The Brief: The Bank of England (BoE) has so far bought less than £3.7 billion of gilts, significantly below the £20 billion it committed to when it announced a temporary market intervention on September 28. The BoE released a statement yesterday that stated it is “studying patterns of demand” and will “adjust any of the other parameters of the auction” in line with its goal of restoring market conditions with consistency.
Why It Matters: The BoE rode to the markets rescue following the mini-budget speech. The BoE’s immediate purchase of long-dated gilts supported prices and helped liability driven investment (LDI) funds to recover, this helped reduce anxiety among pension funds, who had seen their bond investments halve the previous week.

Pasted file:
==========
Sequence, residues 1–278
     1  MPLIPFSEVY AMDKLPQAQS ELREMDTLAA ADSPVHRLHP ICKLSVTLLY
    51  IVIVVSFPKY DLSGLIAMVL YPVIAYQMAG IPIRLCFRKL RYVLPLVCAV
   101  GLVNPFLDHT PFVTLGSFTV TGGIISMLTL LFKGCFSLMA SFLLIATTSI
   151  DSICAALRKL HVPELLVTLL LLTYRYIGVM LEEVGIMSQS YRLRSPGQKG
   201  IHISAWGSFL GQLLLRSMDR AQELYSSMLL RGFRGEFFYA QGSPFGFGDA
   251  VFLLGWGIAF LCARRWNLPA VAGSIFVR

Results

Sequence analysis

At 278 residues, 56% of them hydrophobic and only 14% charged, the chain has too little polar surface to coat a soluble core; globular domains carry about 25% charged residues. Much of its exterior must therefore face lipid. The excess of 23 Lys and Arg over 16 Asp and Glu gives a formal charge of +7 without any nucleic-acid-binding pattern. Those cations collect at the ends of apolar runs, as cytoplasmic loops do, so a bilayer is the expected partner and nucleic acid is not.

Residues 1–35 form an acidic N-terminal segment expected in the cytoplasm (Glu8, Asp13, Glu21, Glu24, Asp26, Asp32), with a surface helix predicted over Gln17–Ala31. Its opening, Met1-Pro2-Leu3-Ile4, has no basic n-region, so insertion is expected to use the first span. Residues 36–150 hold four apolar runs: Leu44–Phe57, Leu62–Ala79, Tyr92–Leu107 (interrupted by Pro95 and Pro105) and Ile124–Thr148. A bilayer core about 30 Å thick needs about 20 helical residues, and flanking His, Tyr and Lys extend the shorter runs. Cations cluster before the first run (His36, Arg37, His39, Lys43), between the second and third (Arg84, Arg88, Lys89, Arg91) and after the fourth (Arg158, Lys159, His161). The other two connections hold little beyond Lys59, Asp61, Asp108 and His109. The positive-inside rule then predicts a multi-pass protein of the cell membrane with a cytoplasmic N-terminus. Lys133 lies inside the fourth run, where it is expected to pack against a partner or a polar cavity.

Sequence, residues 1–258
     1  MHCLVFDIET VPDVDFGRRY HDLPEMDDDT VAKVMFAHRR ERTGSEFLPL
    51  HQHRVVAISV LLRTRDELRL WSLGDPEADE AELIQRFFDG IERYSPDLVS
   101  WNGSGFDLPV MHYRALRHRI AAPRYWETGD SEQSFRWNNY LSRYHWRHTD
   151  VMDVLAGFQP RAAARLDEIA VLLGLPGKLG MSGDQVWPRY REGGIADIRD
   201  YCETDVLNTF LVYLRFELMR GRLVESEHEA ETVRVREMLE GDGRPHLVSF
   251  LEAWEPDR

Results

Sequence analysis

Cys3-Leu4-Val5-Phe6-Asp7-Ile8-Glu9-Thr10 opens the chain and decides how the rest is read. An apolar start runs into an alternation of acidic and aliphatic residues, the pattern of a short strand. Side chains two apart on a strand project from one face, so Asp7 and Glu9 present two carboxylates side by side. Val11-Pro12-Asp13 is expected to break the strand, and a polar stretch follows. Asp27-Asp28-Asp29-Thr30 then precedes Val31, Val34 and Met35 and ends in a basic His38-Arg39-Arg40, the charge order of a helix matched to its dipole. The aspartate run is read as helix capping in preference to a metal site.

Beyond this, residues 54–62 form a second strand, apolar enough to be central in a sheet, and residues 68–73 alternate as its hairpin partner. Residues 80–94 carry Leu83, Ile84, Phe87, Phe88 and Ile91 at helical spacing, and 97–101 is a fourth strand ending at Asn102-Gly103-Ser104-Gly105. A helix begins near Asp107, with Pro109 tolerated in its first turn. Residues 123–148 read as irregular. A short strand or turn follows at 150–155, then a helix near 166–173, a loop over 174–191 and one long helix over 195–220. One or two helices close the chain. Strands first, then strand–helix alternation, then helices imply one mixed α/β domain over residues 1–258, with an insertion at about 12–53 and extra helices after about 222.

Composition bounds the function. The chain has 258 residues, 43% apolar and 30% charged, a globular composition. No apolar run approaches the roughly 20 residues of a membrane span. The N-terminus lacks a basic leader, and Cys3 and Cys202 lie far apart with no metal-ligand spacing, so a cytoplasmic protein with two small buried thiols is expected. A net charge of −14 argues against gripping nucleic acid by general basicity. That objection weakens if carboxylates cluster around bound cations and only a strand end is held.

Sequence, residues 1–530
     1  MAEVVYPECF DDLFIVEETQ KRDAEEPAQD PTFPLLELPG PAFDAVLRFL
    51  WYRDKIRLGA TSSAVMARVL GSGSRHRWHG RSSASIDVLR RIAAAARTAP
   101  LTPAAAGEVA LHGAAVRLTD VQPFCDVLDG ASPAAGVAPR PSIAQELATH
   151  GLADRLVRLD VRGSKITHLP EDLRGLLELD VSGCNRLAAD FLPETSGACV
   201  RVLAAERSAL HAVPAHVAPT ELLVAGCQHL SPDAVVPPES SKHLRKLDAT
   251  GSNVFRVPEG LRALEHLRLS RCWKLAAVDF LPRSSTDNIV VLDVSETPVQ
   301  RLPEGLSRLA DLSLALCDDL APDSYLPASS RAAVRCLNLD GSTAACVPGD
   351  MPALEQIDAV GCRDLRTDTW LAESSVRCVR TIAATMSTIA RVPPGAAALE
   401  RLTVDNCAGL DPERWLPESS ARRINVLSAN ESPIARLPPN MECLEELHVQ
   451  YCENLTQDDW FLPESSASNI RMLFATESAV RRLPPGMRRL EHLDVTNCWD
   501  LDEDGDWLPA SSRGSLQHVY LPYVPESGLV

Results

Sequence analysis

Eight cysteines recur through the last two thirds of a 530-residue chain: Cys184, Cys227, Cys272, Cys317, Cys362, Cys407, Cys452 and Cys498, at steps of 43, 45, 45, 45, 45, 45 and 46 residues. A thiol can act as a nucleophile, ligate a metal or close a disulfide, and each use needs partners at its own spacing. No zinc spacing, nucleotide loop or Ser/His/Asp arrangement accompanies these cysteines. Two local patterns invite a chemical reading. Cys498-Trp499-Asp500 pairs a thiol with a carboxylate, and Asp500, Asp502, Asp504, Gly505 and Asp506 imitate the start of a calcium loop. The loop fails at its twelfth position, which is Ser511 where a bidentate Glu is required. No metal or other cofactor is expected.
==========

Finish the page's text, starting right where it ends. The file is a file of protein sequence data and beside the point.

Finanze® Foresights: The BoE cannot afford to let LDIs go under, or it will cause a much larger financial disaster since more than 67 per cent of LDI holdings are in bonds. LDIs purchase long-dated gilts and sell them to investors for repurchasing at a later date, then use the cash proceeds to acquire more gilts. The market uncertainty forced them to fund margin calls on their devalued portfolios, which pushed gild yields further. Had it not been for the BoE’s swift intervention, the LDI’s would have gone under in days. When LDI managers need more cash to post against their hedging, they must be careful enough to contain the cost of margin calls to avoid exposing portfolios to excessive risk.
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